Dana’s North American commercial-vehicle sales and service organization of knowledgeable professionals includes dedicated applications and engineering contacts to serve thousands of fleets and dealers.
“Customer intimacy enables great product development,” summarized Slesinski, who knows the field force’s key role in gauging the requirements of the axles and driveshafts required by the market today.
The success of this approach can be seen in the development of the new SPL 350 driveshaft. Dana experts have been mapping trends in engine down-speeding, axle ratios, and powertrain torque for many years. Leveraging the company’s understanding of regulatory timing, the efficiency goals of OEM and fleet customers, and collaboration with engine and transmission manufacturers, Dana was able to develop and deliver the SPL 350 driveshaft at a time when the market demands a driveshaft with exceptional torque capacity.
Other fleet and dealer tools beyond field interaction include a host of web tools to support customers, such as programs to streamline the spec’ing process, the “Dispatched” e-newsletter, the Dana Mobility Matters blog, the Dana Extras app for mobile devices to assist in spec’ing, training and service needs, individual field rep micro-sites, a robust leads management program, and other electronic touch points.
So what does Dana see on the drivetrain design horizon:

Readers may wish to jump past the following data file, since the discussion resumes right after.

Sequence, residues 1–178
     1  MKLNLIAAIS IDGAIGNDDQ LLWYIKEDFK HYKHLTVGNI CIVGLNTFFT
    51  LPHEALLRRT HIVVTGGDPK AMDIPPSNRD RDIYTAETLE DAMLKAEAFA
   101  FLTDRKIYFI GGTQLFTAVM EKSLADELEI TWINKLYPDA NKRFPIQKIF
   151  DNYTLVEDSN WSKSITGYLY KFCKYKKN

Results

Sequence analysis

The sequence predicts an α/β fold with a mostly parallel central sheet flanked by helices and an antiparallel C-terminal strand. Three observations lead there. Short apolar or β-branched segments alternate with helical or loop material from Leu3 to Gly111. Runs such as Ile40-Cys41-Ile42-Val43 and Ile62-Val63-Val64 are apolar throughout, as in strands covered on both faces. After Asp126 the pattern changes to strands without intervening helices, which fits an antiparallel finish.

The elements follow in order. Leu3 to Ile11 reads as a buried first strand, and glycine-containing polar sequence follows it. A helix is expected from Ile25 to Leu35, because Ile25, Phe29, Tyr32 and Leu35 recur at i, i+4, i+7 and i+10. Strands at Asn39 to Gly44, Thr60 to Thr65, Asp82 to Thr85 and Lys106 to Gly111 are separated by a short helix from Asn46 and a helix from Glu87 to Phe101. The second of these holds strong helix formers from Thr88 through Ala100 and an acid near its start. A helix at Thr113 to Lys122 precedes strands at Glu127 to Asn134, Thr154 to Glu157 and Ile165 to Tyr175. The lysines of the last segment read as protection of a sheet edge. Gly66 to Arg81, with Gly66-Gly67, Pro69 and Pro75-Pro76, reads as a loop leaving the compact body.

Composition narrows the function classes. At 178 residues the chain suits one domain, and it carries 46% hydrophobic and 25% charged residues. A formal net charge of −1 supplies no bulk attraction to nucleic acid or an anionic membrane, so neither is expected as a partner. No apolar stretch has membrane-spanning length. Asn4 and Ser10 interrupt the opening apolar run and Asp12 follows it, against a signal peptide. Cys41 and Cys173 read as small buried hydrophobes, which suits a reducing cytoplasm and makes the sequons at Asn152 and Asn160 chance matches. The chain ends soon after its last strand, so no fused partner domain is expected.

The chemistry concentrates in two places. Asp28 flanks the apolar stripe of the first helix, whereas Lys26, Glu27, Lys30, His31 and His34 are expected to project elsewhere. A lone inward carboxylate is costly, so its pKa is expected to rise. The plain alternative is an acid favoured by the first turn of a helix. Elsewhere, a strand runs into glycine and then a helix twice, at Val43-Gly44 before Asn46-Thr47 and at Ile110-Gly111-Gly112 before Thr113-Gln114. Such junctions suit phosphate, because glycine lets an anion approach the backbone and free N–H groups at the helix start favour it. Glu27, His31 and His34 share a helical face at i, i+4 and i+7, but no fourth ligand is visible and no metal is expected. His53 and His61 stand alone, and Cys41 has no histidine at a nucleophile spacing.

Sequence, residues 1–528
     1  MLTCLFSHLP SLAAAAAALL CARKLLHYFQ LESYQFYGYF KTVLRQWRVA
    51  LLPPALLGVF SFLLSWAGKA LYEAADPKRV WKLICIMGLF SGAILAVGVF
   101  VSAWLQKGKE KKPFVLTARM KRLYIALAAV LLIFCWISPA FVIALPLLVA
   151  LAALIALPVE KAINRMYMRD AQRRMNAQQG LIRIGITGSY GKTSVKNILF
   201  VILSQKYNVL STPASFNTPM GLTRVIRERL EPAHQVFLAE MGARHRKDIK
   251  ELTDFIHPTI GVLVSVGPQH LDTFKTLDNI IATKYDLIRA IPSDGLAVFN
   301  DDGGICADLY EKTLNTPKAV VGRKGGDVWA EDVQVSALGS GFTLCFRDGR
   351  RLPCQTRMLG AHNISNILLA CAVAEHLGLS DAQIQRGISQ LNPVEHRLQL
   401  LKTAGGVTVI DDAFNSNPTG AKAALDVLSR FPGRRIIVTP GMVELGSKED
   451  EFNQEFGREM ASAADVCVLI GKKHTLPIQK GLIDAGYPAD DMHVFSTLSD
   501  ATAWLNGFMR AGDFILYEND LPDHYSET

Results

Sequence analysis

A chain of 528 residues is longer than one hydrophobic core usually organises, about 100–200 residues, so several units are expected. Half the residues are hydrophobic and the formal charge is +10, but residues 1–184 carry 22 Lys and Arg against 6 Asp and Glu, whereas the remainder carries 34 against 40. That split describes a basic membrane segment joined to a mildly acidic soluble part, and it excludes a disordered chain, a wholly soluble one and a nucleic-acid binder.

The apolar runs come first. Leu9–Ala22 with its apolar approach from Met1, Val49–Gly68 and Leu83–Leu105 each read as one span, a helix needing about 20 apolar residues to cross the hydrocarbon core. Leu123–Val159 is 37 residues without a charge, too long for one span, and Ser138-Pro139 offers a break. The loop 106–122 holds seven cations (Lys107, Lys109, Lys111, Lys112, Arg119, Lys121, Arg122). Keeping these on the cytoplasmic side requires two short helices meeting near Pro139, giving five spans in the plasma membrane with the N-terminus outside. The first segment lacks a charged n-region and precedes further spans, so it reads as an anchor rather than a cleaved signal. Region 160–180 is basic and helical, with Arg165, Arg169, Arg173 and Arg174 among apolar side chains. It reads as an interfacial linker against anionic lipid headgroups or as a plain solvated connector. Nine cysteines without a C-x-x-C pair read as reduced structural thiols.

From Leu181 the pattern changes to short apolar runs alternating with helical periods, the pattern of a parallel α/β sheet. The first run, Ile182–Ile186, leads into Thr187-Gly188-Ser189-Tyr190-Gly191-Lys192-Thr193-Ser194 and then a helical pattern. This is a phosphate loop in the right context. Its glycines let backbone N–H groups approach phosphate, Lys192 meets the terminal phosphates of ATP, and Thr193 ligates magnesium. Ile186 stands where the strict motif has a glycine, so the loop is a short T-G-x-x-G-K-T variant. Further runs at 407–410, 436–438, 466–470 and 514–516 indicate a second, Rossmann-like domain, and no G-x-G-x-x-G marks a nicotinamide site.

- Sensors mounted to the axle to more closely monitor operation;
- Tire pressure monitoring and inflation technology for power units;
- 500,000 mile lube drain intervals with extra fuel-efficient synthetic axle lube that supplies the best protection for seals and bearings and contributes to even greater fuel efficiency;
- Products with higher power densities that reduce weight by using materials currently available and under development;
- Increased collaboration with OEs to optimize the entire system in a way that goes far beyond a myopic focus on individual components.
“And don’t overlook that other key component of the drivetrain’s efficiency – the professional driver who starts, drives and stops the vehicles. An operator has to start the vehicle and control its drivetrain operation. If the driver is erratic, shifts too much, over-revs the engine or allows it idle too long, fuel efficiency degrades instantly.”
Taken as a whole, the components in a drivetrain system impact the vehicle’s fuel efficiency by as much as 4 percent on the interstate and up to 6 percent in urban applications. “Our charter is clear: we must continue to anticipate market needs, develop products ahead of demand, and leverage our abilities to innovate and collaborate — all toward the goal of delivering the performance that fleets expect,” Slesinski concluded.